Observation 87530: Caloplaca sideritis (Tuck.) Zahlbr.
When: 2011-09-02
No herbarium specimen

Proposed Names

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Recognized by sight

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Eye3 = Observer’s choice
Eyes3 = Current consensus

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Definitely!
By: Jason Hollinger (jason)
2012-02-08 03:42:45 CST (-0500)

Worst lighting in the world is a bright day with cloudless blue sky, trying to take photos of things in the shade of a cliff or tree. Just try to get your photos not to look blue! Then if there’s sun reflecting off of yellow rock somewhere else nearby… just forget about it.

Like doing it after rain.
By: Andrew Khitsun (Andrew)
2012-02-07 21:43:16 CST (-0500)

That’s another reason I like doing it right after rain. The colors are naturally rich, so I can get decent ones even in darker situation that usually mutes them. Also, there are often lingering clouds, providing the best lighting, as far as I’m concerned. The oddest photos colorwise are when I try to play with blocking the sun etc. Both this observation and the other one mentioned here look like they’be been done during moderately cloudy weather and not with “Vivid” setting.

Agreed.
By: Jason Hollinger (jason)
2012-02-07 21:30:22 CST (-0500)

Getting colors right is very difficult, I’m right there with you. Playback screen isn’t always reliable, either, not sure why. Maybe something to do with our eyes being adjusted to ambient light.

C.sideritis in Thomson
By: Andrew Khitsun (Andrew)
2012-02-07 21:22:42 CST (-0500)

Yes, that’s his description.
No, I don’t see black rims at all. I’d say in this observation they’re “disappearing”, and in the other one they’re gray.
Also, the difference in colors between this one and the other one could be due to the color settings of my camera. I was shooting in “vivid” for some time, which produces too juicy colors, sometimes unrealisticly. I switched down to “positive”, which I think is more real color. When it’s too dark, I have to switch to “nighttime”, which pales the colors big time. Often, I can’t see the colors well right away on the small screen due to my limited colors perception. I try to compensate when processing photos on computer, but it still leaves a bit odd colors sometimes. Sigh…

That’s Thomson’s description of sideritis?
By: Jason Hollinger (jason)
2012-02-07 20:36:44 CST (-0500)

Do you see black rims? I was interpreting them as pale. If they are black, then it opens a whole other set of species with “thalloidma green”, a weird black pigment that’s K+ violet and N+ violet (I think “N” is nitric acid).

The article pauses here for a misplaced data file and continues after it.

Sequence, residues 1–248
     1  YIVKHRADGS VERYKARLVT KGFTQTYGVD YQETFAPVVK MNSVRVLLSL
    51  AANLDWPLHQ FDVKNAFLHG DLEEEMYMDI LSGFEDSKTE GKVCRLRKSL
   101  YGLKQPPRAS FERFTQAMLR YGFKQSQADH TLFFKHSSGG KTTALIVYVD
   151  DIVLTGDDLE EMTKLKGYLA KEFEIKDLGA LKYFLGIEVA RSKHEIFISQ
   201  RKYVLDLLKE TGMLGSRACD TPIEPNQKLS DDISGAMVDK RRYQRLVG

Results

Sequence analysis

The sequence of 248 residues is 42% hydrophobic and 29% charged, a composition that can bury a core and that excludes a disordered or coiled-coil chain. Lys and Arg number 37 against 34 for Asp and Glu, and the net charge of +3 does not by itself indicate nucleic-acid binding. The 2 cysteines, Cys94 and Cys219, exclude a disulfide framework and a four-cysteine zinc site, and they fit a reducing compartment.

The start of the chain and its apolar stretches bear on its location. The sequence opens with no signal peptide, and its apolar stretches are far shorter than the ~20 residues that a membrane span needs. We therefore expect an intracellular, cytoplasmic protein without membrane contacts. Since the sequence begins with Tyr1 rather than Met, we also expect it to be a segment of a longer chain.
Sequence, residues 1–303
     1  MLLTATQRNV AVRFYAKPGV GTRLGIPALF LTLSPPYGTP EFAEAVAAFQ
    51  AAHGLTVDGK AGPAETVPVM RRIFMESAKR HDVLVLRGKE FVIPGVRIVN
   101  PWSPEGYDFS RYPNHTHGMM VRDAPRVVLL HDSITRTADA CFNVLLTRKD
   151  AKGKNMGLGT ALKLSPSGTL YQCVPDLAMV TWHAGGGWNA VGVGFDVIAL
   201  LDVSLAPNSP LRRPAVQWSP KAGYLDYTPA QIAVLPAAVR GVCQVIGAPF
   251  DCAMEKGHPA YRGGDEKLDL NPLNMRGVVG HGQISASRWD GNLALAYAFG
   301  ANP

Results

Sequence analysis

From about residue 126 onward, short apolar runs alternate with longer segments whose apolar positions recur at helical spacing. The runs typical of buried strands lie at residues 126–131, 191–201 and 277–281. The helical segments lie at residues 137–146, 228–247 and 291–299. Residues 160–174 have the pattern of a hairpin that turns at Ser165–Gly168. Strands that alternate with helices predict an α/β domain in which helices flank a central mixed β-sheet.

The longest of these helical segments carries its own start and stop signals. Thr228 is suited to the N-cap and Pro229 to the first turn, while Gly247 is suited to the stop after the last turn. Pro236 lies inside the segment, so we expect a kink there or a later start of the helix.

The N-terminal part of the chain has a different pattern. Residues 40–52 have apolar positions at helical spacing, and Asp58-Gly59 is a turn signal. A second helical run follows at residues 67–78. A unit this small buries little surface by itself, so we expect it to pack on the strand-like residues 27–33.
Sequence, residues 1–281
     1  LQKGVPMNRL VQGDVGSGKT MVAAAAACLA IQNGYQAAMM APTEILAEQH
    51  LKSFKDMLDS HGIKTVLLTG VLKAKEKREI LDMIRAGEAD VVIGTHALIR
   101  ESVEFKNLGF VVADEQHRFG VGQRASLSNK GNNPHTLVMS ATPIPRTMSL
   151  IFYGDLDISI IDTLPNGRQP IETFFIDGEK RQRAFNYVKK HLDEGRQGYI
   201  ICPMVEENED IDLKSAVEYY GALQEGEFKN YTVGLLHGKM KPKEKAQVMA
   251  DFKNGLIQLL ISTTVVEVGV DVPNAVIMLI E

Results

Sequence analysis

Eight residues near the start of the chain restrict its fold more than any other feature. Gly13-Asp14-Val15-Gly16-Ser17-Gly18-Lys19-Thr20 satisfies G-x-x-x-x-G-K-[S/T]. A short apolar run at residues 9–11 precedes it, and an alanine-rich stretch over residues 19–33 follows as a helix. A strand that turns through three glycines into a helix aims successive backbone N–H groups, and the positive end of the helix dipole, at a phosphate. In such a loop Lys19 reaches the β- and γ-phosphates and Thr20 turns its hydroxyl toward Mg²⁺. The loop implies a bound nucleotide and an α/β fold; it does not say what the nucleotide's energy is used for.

Lichens of WI by Thomson
By: Andrew Khitsun (Andrew)
2012-02-07 20:12:50 CST (-0500)

has this description:
“Thallus of scaly or convex areoles or warts, blackish gray or ashy. Apothecia to 1mm wide, immersed or adnate, flat to convex, yellow rusty or rust brown to black; margin of same color as thallus, blackish gray or gray, sometimes disappearing …”
It seems to fit the bill here in this observation, but the other observation mentioned here has brown thallus, you’re right. Maybe it’s something else from this group? I see people referring to “sideritis group” Those red and black apothecia seem to be a clue too.

Okay, this is far too common
By: Jason Hollinger (jason)
2012-02-07 19:33:12 CST (-0500)

…to be a parasite. One of my assumptions must be wrong. Either this brown/tan thallus is actually K+r despite the apparent lack of anthraquinones (orange pigments), or this is considered “gray”, not brown.

If “gray”, then Wetmore 1996 keys it out fairly clearly to C. sideritis, which CNALH confirms is common throughout the midwest. Not many photos on-line, though. (Yours would be by far the finest photos, if this is in fact what it is!)

If “orange”, then… (using Bruce Ryan’s keys)

C. rimosa? (thin smooth buff thallus)
C. weberiana? (thicker nonsquamulose light-buff thallus)
C. modesta? …

Problem is, I can’t find any of these on-line: CNALH doesn’t know them, and there are no images.

It would surely help if we knew whether the thallus reacted K+ deep wine/red or K+ reddish, or entirely K-.

Similar to #87292?
By: Andrew Khitsun (Andrew)
2012-02-07 18:59:50 CST (-0500)

I think this one is similar to the observation 87292 .

Created: 2012-02-07 18:54:41 CST (-0500)
Last modified: 2016-01-17 21:42:04 CST (-0500)
Viewed: 70 times, last viewed: 2016-07-09 15:02:14 CDT (-0400)
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